Shared Goals

Saab’s aerostructures joint venture with Indian manufacturer Aequs has seen both sides contribute expertise and knowledge, with outstanding results.

In just three short years, Saab’s joint venture with Indian manufacturer Aequs has gone from being simply an idea to becoming an efficient and thriving manufacturing facility.

According to Aequs’s Chief Financial Officer, Rajeev Kaul, what has made the Aerostructures Assemblies India (AAI) venture so successful is that both partners have brought valuable skills to the relationship, and they share common values. “We both have similar strategies related to the target market space, and we have a similar management style,” says Kaul. “Both parties are very open to discussing and sharing things, and I think the values are the same.”

The relationship between the two companies began in 2009 when Aequs began supplying parts to Saab for use in Boeing 787 cargo doors. In 2012, the companies started to explore the possibility of a partnership. “Saab was looking for a partner in India so it could establish a base, and we were at the same time looking to get into aerostructure assembles ourselves,” says Kaul. “It became apparent there was mutual benefit.”

Progress was rapid. After just six months of talks, an agreement was signed in December 2012, and construction of a production facility began the following February. Operator training took place in June, and operations began in August 2013. The first delivery of assemblies for use in the Airbus A380 programme took place in February 2014.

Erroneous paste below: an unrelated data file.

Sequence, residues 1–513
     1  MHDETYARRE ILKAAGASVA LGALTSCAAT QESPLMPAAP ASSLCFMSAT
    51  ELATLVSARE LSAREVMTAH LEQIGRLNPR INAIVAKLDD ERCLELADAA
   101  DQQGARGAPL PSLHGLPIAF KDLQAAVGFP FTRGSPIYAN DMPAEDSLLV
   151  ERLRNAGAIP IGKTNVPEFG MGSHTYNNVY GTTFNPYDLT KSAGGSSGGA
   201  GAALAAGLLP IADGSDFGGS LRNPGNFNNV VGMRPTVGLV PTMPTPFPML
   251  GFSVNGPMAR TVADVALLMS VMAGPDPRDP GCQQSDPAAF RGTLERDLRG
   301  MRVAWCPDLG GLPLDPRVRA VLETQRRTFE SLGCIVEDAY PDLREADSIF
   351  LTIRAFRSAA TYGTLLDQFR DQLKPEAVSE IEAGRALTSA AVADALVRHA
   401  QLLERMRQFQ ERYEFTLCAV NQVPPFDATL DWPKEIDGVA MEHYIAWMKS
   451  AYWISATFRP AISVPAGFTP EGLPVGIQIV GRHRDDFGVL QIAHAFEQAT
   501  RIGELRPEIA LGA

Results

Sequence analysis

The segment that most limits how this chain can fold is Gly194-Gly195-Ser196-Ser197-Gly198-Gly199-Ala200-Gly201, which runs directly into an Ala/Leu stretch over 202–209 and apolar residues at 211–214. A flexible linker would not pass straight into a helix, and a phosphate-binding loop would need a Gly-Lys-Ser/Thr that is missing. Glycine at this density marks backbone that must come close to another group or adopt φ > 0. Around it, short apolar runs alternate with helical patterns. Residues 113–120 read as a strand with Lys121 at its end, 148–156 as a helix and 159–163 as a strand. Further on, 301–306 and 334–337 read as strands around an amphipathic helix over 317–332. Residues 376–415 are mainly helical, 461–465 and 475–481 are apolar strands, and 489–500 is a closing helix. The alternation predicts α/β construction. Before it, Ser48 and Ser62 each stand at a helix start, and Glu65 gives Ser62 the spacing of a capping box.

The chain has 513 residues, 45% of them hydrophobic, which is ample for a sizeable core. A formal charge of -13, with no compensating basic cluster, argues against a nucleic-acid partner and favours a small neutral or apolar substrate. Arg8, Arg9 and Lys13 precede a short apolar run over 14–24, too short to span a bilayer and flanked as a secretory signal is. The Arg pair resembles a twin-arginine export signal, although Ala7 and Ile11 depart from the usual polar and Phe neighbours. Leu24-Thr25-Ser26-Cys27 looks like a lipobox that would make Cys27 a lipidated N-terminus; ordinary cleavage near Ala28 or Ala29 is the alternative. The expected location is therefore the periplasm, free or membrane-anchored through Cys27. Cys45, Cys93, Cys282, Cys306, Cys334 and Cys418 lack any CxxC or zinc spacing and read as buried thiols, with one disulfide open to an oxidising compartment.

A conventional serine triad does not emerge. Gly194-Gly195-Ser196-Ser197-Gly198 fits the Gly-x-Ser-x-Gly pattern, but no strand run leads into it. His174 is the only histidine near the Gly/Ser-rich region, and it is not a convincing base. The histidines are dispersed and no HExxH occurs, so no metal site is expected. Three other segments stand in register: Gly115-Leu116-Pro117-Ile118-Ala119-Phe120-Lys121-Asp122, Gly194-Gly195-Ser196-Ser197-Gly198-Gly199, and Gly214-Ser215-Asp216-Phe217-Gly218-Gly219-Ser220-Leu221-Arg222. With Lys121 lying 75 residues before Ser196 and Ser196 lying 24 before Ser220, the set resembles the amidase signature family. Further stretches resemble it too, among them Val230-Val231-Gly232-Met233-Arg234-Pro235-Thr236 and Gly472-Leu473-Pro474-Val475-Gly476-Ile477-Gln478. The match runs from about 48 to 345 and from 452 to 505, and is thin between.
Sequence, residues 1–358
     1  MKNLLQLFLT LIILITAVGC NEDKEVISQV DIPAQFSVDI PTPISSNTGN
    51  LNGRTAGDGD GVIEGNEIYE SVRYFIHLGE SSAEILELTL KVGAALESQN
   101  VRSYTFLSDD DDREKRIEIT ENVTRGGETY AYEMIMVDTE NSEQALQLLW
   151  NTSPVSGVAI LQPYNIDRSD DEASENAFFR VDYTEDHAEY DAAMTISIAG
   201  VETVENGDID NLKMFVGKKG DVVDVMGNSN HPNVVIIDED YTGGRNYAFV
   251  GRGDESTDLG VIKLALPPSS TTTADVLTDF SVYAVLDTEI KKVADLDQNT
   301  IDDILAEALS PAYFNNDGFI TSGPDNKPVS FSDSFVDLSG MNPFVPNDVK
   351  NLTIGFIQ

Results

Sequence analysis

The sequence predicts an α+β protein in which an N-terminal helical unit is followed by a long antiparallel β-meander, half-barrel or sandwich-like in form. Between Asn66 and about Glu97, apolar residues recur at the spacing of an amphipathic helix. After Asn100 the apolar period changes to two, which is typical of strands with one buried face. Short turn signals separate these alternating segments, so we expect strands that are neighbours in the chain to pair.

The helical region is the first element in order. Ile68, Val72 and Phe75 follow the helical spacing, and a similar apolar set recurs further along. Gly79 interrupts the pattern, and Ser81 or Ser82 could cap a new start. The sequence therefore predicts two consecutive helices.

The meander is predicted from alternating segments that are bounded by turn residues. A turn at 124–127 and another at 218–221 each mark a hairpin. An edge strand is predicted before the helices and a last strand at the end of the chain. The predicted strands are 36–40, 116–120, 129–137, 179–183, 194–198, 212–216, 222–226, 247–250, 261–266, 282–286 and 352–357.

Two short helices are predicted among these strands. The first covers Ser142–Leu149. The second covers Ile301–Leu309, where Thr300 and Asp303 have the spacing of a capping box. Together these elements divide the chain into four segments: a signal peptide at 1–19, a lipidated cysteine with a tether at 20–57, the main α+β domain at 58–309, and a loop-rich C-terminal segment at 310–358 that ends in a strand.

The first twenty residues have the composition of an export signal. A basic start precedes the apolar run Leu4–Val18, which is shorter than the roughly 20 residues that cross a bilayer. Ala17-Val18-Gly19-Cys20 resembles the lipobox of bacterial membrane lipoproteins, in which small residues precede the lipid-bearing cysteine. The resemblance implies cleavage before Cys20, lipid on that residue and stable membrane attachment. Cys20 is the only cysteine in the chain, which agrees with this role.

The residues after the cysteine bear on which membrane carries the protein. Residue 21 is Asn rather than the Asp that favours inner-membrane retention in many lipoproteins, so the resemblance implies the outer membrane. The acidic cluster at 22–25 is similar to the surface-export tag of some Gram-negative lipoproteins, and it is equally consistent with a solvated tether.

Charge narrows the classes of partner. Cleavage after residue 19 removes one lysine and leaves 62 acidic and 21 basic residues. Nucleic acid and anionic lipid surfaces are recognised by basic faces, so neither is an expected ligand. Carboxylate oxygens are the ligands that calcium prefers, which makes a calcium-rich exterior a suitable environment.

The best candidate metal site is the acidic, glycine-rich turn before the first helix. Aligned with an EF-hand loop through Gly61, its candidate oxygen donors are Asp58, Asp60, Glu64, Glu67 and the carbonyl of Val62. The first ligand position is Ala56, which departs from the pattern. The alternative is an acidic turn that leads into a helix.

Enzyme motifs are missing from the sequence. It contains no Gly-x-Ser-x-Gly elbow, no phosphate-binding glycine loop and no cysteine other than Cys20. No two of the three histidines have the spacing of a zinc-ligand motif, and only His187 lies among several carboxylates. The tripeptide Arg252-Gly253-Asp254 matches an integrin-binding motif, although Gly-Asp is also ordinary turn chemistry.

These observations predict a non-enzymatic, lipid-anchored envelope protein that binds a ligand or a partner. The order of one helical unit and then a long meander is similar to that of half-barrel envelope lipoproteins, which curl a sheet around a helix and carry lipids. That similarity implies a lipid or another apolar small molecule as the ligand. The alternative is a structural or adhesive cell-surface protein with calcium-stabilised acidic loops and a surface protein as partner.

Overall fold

Kaul says Saab has contributed expertise in areas such as engineering knowledge and project management, while Aequs has contributed manufacturing skills and knowledge of the Indian market and local supply chains.

The relationship has quickly evolved. “Initially everything was supplied by Saab, and AAI’s focus was only on production,” says Kaul. “Once that was achieved, the next step was AAI taking ownership of the supply chain. For example, one of the parts was being manufactured by a machine-part manufacturer in India and sent to Saab, who then sent it to AAI. So the logical step was for AAI to buy directly from that manufacturer.”

With production running efficiently, the partners are working together to secure further contracts. In September 2015, Saab signed a contract with Airbus for the design, development and manufacture of the Door Plug 3 and Cover Plate for the A321. Most of the development will be completed by Saab India Tech Centre in Hyderabad, with assembly being undertaken by AAI.